The first recorded voyages to Punt started in the reign of the Pharaoh Sahure, who ruled from 2487-2475 BC. Regular trading missions were sent out for centuries to buy exotic items for Egypt’s elite. Queen Hatshepsut’s famous engravings of Punt date to around 1490-1460 BC.

Scholars have traditionally been doubtful of the Egyptians’ ability to make long sea voyages. Further excavation at Mersa Gawasis may change this view and open up new possibilities for Egyptian influence on other ancient cultures. While the excavations at Mersa Gawasis are not yet open to public view, Deir el-Bahari is a popular attraction and you can wonder at the scenes depicting the mysterious land of Punt for yourself.

[Photo courtesy Wikimedia Commons]

Ethiopia’s Somali region: a potential adventure travel destination?

adventure travel, Adventure Travel, Ethiopia, camels, Somali Region
As I mentioned yesterday, I’ve been exploring Ethiopia’s Somali region. While my quest for Ahmed Guray’s castle was a failure, I did see potential for adventure travel in the region.
Adventure travelers generally are looking for three things: historical sights, interesting cultures, and natural wonders. The Somali region is a bit short of historical sights, although there are a few of interest, but it’s strong on culture and nature.

First, the historical sights. The main one is Alibilal Cave in the Erer District, about 10 km (6 miles) from Erer town. This cave is covered with prehistoric paintings of cows, giraffes, gazelle, and other figures. Last year I was amazed by the prehistoric cave art of Laas Geel in Somaliland, and I’m really curious to see this cave. I’ve seen some video footage and it looks impressive. Other historical sights include the mosque I wrote about yesterday, and some colonial buildings scattered about the region.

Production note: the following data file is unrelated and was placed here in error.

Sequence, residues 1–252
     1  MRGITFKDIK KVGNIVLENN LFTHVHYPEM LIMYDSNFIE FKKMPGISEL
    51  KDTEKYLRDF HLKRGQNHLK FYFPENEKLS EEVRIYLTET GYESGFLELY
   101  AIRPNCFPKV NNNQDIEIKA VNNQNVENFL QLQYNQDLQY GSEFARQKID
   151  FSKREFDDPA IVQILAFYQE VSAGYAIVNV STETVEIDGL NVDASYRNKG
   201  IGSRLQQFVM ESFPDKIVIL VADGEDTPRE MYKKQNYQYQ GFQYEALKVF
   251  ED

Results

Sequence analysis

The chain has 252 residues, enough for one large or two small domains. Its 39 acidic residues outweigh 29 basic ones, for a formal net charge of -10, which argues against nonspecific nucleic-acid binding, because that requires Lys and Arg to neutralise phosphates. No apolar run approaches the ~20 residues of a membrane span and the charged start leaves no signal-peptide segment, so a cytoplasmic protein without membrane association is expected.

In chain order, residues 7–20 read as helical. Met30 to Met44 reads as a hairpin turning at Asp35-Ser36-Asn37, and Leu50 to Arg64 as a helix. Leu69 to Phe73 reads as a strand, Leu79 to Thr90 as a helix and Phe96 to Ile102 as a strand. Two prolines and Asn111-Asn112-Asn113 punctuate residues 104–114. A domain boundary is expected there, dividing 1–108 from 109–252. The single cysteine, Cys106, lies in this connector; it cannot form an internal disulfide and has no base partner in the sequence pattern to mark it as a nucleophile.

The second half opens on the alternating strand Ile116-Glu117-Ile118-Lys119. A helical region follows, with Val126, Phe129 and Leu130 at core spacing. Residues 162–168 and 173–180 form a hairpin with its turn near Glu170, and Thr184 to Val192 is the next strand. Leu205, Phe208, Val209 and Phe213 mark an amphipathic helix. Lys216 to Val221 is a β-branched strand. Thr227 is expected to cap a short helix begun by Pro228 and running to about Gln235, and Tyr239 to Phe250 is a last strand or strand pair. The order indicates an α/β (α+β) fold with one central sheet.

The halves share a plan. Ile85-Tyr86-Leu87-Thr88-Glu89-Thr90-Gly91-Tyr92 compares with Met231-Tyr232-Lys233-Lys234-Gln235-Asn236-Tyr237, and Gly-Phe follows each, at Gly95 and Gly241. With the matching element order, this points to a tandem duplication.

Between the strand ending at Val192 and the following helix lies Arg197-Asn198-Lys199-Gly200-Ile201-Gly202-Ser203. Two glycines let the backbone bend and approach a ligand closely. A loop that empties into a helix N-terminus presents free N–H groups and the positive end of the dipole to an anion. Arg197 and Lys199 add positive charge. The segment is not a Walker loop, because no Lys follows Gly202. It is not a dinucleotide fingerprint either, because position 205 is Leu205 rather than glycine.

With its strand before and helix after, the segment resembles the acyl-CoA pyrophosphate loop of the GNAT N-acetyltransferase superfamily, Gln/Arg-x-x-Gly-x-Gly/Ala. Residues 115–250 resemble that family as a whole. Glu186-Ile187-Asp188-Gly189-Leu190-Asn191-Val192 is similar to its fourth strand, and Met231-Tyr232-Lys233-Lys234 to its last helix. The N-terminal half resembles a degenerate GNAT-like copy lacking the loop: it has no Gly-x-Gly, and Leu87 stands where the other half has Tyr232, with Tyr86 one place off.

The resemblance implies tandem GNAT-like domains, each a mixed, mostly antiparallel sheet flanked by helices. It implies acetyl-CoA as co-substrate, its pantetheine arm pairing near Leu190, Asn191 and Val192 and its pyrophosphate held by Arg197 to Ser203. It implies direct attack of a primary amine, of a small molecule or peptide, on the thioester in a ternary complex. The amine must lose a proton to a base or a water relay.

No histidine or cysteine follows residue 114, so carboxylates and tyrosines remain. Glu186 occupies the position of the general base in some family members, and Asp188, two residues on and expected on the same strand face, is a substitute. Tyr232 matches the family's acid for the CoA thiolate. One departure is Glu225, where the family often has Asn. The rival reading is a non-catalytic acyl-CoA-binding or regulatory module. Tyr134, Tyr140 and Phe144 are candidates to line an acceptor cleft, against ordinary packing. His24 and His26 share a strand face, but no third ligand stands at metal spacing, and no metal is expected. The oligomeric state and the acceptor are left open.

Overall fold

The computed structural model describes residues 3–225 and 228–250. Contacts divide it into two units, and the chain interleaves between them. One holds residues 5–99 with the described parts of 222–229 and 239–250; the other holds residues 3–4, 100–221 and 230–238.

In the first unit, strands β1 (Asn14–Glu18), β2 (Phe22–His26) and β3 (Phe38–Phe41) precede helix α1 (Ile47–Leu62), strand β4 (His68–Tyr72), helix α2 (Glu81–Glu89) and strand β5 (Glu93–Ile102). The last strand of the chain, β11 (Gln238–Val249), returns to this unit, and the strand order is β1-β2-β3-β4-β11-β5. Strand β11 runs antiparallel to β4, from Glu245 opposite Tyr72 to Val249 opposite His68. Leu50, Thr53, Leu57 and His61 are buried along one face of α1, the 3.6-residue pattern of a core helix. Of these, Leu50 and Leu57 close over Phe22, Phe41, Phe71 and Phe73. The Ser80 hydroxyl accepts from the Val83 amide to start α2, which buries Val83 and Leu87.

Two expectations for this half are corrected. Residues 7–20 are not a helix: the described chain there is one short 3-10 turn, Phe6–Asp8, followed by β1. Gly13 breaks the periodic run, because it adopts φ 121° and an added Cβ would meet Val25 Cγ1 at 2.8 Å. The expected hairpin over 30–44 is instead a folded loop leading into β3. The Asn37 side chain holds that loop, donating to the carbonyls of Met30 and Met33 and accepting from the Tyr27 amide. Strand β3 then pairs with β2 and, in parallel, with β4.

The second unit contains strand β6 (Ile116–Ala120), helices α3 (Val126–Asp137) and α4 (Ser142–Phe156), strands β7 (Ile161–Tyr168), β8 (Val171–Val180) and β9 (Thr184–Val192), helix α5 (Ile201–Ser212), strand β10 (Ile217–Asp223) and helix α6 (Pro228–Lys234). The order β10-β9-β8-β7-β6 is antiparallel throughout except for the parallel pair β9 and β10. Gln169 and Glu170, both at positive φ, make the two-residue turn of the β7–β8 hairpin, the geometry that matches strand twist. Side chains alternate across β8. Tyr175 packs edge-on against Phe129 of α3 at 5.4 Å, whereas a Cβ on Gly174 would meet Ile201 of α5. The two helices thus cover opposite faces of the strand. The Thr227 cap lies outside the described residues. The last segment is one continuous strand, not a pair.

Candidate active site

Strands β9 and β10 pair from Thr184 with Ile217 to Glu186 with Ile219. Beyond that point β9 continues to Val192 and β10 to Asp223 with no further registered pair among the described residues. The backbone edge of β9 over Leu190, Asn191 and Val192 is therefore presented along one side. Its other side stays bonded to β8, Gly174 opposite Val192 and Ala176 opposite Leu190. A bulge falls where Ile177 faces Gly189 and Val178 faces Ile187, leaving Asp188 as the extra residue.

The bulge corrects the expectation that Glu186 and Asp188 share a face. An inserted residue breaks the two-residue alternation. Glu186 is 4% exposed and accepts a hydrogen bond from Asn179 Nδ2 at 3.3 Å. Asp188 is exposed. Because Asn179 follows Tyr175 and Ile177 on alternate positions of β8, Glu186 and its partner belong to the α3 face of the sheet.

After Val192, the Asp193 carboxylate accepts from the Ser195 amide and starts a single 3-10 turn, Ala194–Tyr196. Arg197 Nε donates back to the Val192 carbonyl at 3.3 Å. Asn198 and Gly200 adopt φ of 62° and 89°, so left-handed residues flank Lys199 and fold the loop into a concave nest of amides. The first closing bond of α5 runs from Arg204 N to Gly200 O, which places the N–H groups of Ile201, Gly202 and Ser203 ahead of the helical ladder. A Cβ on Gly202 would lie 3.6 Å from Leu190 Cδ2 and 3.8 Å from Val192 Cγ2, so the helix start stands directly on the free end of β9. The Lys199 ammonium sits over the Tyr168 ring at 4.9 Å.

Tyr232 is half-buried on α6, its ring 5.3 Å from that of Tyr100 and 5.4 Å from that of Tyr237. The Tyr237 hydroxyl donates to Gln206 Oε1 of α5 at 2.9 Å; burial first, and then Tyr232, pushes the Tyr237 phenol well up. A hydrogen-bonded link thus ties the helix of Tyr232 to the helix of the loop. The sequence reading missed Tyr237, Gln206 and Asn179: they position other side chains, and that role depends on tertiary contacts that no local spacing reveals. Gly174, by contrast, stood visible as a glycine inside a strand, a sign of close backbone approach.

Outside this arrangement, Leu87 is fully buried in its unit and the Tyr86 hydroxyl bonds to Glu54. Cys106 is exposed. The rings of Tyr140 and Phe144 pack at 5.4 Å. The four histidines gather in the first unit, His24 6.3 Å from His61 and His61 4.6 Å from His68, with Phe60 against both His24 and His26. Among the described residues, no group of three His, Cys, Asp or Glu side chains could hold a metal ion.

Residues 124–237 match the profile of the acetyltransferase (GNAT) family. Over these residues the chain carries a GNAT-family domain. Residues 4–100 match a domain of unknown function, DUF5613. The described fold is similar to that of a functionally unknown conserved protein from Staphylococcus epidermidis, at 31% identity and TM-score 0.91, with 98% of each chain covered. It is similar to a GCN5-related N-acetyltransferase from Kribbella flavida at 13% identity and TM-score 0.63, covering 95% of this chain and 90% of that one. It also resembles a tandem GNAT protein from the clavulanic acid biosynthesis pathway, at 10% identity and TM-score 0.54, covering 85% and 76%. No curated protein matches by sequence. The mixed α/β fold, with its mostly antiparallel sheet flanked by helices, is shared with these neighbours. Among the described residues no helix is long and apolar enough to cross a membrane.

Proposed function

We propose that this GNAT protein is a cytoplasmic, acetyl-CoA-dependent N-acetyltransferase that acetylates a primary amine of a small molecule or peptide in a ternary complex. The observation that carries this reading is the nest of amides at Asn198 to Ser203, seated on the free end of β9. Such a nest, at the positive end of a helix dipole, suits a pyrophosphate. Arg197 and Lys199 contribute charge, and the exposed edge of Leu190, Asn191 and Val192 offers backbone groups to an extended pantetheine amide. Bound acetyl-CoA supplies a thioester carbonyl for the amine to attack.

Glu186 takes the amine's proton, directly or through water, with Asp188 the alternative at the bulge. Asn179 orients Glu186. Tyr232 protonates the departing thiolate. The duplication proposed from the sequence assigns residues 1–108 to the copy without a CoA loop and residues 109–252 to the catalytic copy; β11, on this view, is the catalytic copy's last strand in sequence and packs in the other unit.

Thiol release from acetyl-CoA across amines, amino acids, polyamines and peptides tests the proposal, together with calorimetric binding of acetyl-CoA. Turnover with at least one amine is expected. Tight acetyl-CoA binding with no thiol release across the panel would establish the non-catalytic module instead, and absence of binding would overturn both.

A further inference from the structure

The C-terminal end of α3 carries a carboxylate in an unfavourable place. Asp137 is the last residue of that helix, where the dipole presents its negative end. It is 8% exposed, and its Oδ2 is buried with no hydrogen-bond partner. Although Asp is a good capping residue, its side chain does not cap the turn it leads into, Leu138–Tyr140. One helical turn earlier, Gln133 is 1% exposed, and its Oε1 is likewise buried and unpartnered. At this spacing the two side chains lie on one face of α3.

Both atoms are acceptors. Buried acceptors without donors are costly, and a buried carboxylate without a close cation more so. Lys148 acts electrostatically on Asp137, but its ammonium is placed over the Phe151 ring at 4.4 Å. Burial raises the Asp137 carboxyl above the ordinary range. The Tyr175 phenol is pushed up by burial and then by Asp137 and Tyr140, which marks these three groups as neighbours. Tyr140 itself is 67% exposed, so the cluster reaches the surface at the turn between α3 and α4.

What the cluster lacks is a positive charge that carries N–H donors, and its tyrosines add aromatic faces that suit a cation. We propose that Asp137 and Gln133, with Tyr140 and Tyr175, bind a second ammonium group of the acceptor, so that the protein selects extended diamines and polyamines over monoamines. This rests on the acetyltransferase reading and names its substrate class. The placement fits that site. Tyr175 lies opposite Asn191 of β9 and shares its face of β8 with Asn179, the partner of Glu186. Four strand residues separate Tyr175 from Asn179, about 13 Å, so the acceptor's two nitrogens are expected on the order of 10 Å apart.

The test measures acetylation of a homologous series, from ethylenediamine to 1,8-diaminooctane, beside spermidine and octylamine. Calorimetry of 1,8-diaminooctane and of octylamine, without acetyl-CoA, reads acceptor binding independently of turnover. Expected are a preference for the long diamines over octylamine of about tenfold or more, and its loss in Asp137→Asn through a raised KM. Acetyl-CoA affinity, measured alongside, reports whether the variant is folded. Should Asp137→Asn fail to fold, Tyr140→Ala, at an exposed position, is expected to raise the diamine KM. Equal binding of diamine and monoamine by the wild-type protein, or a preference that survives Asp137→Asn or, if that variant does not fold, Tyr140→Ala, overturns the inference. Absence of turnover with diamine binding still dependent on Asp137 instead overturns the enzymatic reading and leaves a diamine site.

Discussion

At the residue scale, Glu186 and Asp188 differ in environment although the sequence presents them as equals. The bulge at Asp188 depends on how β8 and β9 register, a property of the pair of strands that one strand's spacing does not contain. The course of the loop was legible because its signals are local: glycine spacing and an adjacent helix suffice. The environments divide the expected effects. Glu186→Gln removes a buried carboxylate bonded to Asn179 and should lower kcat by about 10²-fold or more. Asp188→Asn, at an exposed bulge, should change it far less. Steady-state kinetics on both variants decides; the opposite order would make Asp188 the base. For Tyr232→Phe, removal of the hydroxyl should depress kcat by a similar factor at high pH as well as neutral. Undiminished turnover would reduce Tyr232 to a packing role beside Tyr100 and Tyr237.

The Somali Region is much stronger on cultural attractions. There aren’t many places left in the world where you can see camel herders living much as they did centuries ago. You can drink fresh camel milk in traditional domed huts made of mats. Try shay Somali, Somali tea that’s mixed with sugar and camel’s milk and tastes a lot like Indian chai. The culture here preserves itself by oral traditions. Sitting with a clan elder and listening to his stories can be a one-of-a-kind experience. The Somali region is the easiest place to experience Somali culture, being cheaper than Somaliland and far safer than Somalia.Most Somalis don’t speak English, of course, but I know of at least one Somali tour guide in Harar, Muhammed “Dake” (guleidhr @yahoo.com). He even spent some of his youth herding camels in this region! Harar makes the best base for seeing the Somali region. It’s much cooler and more interesting than the dusty lowland regional capital of Jijiga, and only adds an hour to your trip.

Because the Somalis are unused to tourism, adventure travelers will be free from a lot of the usual hassles like touts and pushy vendors. Expect plenty of attention though, and a large dose of curiosity. This isn’t a bad thing. You’ll get into lots of interesting conversations that will teach you about the local culture. Virtually all foreigners they see are working in NGOs, so expect a lot of questions about your development project.